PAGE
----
Statistics show that in the current cost crisis, Australians aged between 18 and 29 years old have cut back on meals, petrol, food takeaway deliveries and some types of entertainment. Earlier this year, the music industry had a wake-up call when two of the biggest festivals failed to draw usual numbers – Bluesfest from 100,000 to 70,000, and Splendour In The Grass from 50,000 to 35,000.

So why is music streaming immune so far? The answer may be in the profile of the Australian music streamer by researcher Roy Morgan in June 2020. “People who stream music online are more likely than the average Australian to be young, tech savvy and ready to spend,” stated the report. “The quintessential Australian streamer is a young woman under 35 years of age and likely to be in full-time white collar employment. She’s likely to be a ‘big spender’ and a ‘Metrotech’.”

Metrotechs are “socially aware, successful, career focused, culturally diverse as well as trend and tech focused. They are committed experience seekers, willing to spend big on the best of city life and thrive on being out and about in the world.”

The Metrotechs most likely to stream music are in the High Life, Fit & Fab and Academic Optimists categories.

According to AppMagic, Spotify was the most downloaded music service app in Australia with 23.8 million downloads by January 2022, and responsible for almost half of Australian consumers who spent money on digital music content. Second was YouTube Music with 8.7 million downloads, and SoundCloud Music at third with 7.6 million downloads.

The Present State Of Music Streaming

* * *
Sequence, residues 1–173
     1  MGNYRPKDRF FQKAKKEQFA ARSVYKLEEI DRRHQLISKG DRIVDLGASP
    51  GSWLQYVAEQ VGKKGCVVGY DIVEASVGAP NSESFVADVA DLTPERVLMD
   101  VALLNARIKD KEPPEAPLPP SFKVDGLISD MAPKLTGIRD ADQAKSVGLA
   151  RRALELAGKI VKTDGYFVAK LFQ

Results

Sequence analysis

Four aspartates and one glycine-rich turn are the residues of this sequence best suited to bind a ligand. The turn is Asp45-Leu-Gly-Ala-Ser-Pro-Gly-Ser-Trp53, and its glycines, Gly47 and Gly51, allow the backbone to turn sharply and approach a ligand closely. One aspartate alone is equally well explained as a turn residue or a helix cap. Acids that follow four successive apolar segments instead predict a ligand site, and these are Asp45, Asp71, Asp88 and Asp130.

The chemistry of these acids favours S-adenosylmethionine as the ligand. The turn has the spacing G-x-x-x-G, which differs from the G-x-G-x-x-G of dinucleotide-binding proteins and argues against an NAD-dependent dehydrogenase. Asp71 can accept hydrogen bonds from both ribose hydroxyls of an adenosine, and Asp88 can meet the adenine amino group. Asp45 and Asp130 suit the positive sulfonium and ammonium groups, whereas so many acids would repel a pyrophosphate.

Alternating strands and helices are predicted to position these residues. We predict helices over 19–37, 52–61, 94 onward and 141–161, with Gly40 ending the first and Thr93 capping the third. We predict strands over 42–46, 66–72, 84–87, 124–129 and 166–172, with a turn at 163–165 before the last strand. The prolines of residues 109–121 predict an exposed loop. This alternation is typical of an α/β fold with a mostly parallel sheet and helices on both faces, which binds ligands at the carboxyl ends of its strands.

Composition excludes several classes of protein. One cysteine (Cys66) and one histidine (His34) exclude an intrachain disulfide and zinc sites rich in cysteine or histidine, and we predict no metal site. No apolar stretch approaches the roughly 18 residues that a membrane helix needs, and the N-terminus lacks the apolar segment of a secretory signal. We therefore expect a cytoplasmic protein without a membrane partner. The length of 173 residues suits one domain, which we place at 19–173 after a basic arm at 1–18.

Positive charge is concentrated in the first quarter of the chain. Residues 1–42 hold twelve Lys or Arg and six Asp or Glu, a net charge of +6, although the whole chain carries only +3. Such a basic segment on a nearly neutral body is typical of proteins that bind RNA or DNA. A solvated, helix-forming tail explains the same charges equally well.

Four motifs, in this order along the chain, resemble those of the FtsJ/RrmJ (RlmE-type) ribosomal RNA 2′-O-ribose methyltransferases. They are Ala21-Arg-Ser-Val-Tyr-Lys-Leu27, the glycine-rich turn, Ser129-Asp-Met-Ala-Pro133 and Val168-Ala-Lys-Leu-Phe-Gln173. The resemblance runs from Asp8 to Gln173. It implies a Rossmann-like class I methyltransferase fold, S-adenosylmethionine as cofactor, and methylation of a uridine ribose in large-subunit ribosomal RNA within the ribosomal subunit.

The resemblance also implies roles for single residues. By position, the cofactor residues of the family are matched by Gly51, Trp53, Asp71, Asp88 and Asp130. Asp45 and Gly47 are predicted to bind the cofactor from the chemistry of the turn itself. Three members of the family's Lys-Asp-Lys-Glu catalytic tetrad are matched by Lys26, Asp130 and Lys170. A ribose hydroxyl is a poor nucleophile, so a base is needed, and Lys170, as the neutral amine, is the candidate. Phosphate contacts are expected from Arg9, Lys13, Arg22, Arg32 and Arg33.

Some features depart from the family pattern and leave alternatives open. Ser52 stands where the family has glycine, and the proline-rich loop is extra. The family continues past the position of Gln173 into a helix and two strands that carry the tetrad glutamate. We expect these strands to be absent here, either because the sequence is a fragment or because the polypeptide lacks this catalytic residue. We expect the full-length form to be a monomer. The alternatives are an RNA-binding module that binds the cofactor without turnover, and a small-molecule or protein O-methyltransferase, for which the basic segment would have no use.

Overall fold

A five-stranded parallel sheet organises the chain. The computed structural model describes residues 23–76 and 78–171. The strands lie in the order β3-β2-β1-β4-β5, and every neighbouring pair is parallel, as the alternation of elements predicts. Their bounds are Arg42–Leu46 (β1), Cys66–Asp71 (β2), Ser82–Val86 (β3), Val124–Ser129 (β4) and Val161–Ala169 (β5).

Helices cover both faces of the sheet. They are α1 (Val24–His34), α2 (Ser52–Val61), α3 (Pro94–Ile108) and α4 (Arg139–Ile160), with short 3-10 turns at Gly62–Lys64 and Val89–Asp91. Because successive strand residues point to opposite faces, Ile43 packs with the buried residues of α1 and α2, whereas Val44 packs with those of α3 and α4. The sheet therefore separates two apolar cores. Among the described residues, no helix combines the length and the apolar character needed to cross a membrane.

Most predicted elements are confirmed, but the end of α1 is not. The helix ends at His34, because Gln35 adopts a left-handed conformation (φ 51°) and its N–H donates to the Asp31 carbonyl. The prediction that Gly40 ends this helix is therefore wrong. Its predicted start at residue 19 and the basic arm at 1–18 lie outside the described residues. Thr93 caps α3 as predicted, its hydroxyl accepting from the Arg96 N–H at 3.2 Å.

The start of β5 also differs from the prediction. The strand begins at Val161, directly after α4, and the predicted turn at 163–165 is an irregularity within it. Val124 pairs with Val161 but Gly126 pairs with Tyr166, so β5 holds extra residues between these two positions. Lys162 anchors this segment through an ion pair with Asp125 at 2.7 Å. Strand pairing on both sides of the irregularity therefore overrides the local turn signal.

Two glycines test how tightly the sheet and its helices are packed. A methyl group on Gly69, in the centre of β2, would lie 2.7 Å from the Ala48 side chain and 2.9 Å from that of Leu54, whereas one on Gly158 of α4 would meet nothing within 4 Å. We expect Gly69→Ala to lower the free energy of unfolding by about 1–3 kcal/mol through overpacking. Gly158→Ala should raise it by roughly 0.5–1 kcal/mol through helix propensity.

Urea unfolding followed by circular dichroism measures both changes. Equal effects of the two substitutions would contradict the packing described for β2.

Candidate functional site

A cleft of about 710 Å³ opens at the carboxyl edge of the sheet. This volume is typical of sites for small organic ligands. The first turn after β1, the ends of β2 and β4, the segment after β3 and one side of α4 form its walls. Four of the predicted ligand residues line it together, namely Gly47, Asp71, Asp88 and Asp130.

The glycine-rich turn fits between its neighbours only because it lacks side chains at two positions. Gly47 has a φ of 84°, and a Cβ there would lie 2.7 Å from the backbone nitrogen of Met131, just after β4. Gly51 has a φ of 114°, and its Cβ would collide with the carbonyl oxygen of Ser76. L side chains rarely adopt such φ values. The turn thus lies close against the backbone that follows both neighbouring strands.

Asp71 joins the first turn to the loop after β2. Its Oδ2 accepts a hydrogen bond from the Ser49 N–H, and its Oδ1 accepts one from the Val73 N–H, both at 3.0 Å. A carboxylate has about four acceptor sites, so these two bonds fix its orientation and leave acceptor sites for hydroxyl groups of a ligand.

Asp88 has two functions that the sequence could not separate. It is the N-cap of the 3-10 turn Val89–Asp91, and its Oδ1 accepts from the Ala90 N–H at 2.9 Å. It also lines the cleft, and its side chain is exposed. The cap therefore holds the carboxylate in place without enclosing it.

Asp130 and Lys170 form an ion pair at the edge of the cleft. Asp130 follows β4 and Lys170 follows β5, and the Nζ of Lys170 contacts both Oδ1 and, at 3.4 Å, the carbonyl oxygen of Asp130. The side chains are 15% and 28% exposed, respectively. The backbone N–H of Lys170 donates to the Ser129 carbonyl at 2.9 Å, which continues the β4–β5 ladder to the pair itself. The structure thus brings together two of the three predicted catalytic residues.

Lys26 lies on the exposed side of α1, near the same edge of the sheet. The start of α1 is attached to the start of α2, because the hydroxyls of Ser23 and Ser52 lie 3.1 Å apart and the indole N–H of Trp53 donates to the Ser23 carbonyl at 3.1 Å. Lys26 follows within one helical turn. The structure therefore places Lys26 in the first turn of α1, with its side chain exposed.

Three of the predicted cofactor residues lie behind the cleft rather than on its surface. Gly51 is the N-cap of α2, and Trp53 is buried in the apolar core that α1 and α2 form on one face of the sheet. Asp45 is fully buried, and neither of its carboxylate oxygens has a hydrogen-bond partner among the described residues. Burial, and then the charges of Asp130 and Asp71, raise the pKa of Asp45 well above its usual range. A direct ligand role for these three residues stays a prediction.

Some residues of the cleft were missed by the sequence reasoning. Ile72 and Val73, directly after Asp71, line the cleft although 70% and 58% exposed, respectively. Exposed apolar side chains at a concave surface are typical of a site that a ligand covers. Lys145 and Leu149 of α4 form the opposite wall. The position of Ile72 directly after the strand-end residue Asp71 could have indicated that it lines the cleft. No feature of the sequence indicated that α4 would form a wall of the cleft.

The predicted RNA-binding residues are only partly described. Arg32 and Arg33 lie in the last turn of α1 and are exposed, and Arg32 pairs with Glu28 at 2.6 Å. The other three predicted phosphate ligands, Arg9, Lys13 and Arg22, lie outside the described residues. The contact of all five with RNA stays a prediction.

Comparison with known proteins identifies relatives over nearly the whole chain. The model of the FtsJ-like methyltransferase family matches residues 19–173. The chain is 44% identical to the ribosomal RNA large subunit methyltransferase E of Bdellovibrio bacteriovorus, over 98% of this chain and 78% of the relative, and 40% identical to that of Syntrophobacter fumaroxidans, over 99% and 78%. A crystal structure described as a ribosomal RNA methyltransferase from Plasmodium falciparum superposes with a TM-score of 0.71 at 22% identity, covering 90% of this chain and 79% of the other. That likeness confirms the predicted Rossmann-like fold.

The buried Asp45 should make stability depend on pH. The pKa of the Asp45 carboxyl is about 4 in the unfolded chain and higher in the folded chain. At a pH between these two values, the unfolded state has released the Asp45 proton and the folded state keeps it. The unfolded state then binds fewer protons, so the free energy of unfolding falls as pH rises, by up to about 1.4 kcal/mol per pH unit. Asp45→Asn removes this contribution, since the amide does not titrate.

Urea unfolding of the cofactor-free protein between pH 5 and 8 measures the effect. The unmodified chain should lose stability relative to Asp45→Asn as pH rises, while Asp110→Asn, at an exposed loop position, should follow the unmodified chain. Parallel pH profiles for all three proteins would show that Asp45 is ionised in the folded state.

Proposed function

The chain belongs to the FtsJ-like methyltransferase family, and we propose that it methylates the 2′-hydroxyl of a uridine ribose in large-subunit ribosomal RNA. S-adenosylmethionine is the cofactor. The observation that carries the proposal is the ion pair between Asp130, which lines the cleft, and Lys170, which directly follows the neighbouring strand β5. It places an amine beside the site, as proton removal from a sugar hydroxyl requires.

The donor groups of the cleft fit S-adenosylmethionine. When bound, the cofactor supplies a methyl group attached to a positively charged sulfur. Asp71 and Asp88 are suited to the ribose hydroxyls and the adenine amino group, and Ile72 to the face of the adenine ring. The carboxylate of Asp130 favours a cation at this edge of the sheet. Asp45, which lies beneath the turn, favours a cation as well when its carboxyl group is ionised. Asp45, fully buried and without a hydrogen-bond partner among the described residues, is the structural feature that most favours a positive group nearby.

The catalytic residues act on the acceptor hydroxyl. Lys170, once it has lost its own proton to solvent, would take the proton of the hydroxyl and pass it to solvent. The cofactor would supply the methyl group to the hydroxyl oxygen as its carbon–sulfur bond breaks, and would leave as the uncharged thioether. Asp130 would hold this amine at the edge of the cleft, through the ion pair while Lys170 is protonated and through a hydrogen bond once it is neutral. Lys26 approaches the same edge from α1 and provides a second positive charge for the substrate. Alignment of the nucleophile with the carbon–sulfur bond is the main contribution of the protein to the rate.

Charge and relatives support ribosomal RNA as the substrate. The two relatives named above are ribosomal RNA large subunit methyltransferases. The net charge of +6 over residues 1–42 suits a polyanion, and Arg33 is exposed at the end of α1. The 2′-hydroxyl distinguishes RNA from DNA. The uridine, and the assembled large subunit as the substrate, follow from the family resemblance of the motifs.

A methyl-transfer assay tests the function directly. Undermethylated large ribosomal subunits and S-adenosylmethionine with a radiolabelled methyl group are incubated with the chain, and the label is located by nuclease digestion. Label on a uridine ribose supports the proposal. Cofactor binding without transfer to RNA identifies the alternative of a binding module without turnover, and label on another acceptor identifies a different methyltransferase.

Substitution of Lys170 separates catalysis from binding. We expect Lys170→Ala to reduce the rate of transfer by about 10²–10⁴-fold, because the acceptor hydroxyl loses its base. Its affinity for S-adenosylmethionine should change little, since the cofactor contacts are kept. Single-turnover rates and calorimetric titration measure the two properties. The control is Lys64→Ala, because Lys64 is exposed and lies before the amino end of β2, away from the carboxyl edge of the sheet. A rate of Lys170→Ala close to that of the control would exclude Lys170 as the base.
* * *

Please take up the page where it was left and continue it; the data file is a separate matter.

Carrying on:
Spotify, Apple Music, Amazon Music, YouTube Music and Deezer upped their subscription prices in the past 18 months. The latest was Tidal on August 1. Most reported that it did not slow fans signing up.


The Swede did better than its own executives or financial markets expected in its latest postings in July. Premium subscribers grew 17 percent YoY to 220 million, beating its prediction of 217 million. While it anticipated that the number of MAUs (monthly active users) would make it to 530 million, in reality it jumped by 27 percent from 2022 to 551 million.

Spotify expects premium subscribers to reach 224 million in Q3 (the three months from July to September) and MAUs to grow to 572 million. It generated US$2.9 billion  (AU$4.5 billion) in revenue in the first quarter of 2023.

Apple Music

Apple Music last revealed its subscription figures in June 2019, when it was at 60 million globally. But that hasn’t stopped music associations and app measurement firms from trying to crunch numbers their way. The Business of Apps put the June 2022 figure at 88 million. The National Music Publishers Association used its data to claim Apple Music had 32.6 million payers in the U.S, second to Spotify’s 44.4 million.

US investment firm JP Morgan suggested Apple Music will reach 110 million payers by 2025 and be worth US$7 billion (AU$10.8 billion) a year.

Amazon Music

Last year Amazon Music announced it grew subs numbers by 25 percent year-over-year to reach the 55 million mark, and hit 68 million this year. It generated US$1.3 billion (AU$2 billion) in revenue in 2022’s fourth quarter. Around this time, Amazon Prime’s two million Australian subscribers got Amazon Music’s full music and podcast library for no extra cost, giving them 100 million titles.